“What does fashion mean anymore to these people in this local community?” he said by phone. “And how are they going to be able to make it relevant, especially in some of these lower household income trading areas?”
Still, the small-scale venue could succeed because Macy’s won’t need as much merchandise or staff as it does in its bigger stores, according to Amlani.
“If you have the right people on the shop floor, and you have the right visual merchandising strategy as well as product strategy, which is localized and builds on community and trust, then a smaller format store will work,” she said. “There's no reason it shouldn't.”
Macy’s location shift is a key element of its Polaris turnaround, which was delayed by the pandemic but, according to the retailer, is now working. These stores are being situated in convenient, high-traffic shopping centers in order to achieve one of three possible goals: expanding Macy’s presence in a given market, replacing underperforming full-line stores or entering new markets, the company said by email. They have already brought new customers to the retailer, Macy’s also said.
The tactic takes a page from Kohl’s, which has long positioned its locations away from the mall and in March announced the addition of 100 smaller stores to its own fleet, with similarly hyperlocal merchandising. In fact in many areas, Macy’s will likely be entering markets with a nearby Kohl’s, as well as off-pricers like TJ Maxx, Ross or Burlington, dollar stores, and others. In the case of Evergreen Plaza, Market by Macy’s-plus-Backstage will be taking over a long-empty Carson’s department store, in a shopping center that in April was redesignated as “severely blighted,” a classification that provides tax breaks to an entity willing to help refurbish it.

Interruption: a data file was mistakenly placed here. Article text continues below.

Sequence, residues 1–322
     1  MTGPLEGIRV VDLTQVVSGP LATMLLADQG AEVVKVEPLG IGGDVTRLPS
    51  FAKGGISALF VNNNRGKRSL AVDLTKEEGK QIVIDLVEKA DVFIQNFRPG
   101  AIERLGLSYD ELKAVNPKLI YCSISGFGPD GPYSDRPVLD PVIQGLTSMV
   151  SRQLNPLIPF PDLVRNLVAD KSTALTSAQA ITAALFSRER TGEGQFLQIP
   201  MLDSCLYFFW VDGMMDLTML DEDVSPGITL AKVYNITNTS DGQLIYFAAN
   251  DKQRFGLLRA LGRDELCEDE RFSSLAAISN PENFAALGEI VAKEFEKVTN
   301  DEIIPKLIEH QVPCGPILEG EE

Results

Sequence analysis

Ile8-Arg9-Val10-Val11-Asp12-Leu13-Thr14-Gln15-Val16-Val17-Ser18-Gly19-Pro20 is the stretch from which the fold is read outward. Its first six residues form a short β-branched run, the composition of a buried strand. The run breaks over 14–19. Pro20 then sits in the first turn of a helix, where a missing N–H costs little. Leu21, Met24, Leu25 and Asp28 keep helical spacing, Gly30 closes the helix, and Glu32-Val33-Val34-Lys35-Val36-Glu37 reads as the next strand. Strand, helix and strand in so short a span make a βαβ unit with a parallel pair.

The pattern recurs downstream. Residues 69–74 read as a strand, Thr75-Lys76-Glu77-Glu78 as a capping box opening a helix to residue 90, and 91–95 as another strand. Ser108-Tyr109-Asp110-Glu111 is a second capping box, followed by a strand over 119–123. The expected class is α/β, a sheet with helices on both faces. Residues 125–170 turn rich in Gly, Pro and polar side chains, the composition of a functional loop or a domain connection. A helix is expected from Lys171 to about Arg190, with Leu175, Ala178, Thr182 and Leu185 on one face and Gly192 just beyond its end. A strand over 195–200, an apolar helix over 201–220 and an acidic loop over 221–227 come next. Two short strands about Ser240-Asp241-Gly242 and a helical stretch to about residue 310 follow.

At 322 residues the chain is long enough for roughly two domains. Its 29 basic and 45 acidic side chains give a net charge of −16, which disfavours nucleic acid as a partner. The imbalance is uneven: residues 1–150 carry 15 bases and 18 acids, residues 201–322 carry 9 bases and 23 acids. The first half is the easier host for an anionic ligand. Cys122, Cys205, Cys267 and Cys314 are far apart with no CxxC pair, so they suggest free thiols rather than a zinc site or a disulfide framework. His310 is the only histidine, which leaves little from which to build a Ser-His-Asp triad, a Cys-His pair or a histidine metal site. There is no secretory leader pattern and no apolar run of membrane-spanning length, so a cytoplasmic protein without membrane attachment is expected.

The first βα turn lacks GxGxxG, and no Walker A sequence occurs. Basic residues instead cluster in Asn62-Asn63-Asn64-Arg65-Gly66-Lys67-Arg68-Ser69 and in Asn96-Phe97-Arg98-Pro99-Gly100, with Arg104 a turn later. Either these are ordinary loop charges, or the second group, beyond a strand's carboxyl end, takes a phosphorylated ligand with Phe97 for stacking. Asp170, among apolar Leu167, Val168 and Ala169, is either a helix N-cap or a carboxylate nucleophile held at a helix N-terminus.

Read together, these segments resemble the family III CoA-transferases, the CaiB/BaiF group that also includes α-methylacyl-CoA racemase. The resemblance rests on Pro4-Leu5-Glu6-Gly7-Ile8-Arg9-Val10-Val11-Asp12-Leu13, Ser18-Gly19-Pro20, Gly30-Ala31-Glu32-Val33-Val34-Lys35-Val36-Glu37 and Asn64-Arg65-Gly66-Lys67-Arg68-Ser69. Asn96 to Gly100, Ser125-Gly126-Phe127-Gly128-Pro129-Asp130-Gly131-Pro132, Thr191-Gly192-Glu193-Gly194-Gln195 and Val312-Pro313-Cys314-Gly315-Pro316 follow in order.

Some experts question whether these are the right competitors or locations for Macy’s.
“Macy’s has to realize that, as soon as it does this, it's going to put the brand ‘Macy’s’ at risk,” Kelly said, adding that the combination of Market by Macy’s and Backstage in one building is also confusing and therefore tricky. “With my branding hat on, I look at this and see a nightmare because I know all the hard work that goes into building the perception of Macy’s. How much money do you want to spend on fireworks and the parade? How much do you spend to elevate the brand, and then open up stores like this and just take the brand down.”
Beyond that, in the Midwest in particular, the company will be doubling down on geographies where it’s been underperforming for a while, according to Nick Egelanian, president of retail development firm SiteWorks.
“They’ll have competitors in these areas that can buy, price and merchandise hundreds of times better than they can,” he said by phone. “So what is their advantage in doing these stores, other than a knee-jerk reaction that’s coming 30 years too late? Going outside the malls, that cat has already left the bag. If Macy’s is going to survive, they need to make their stores on the coasts — in the higher-end malls where their sales are strongest — relevant in the long term. I don't see any sign that they're doing any of that work, but that's the work that needs to be done.”